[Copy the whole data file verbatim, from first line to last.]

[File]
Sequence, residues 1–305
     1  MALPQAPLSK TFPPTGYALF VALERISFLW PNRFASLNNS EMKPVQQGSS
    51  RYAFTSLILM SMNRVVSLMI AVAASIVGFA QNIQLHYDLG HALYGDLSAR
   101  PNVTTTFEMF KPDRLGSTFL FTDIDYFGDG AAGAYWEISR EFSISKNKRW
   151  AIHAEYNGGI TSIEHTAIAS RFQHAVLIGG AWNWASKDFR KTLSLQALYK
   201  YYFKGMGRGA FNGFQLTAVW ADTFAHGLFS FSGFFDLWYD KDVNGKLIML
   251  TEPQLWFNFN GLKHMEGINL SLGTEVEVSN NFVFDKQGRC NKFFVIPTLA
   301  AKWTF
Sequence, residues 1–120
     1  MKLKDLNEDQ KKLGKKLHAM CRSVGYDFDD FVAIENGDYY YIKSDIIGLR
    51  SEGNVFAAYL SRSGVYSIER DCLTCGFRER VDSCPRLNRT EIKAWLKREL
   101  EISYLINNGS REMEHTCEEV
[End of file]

Sequence, residues 1–305
     1  MALPQAPLSK TFPPTGYALF VALERISFLW PNRFASLNNS EMKPVQQGSS
    51  RYAFTSLILM SMNRVVSLMI AVAASIVGFA QNIQLHYDLG HALYGDLSAR
   101  PNVTTTFEMF KPDRLGSTFL FTDIDYFGDG AAGAYWEISR EFSISKNKRW
   151  AIHAEYNGGI TSIEHTAIAS RFQHAVLIGG AWNWASKDFR KTLSLQALYK
   201  YYFKGMGRGA FNGFQLTAVW ADTFAHGLFS FSGFFDLWYD KDVNGKLIML
   251  TEPQLWFNFN GLKHMEGINL SLGTEVEVSN NFVFDKQGRC NKFFVIPTLA
   301  AKWTF
Sequence, residues 1–120
     1  MKLKDLNEDQ KKLGKKLHAM CRSVGYDFDD FVAIENGDYY YIKSDIIGLR
    51  SEGNVFAAYL SRSGVYSIER DCLTCGFRER VDSCPRLNRT EIKAWLKREL
   101  EISYLINNGS REMEHTCEEV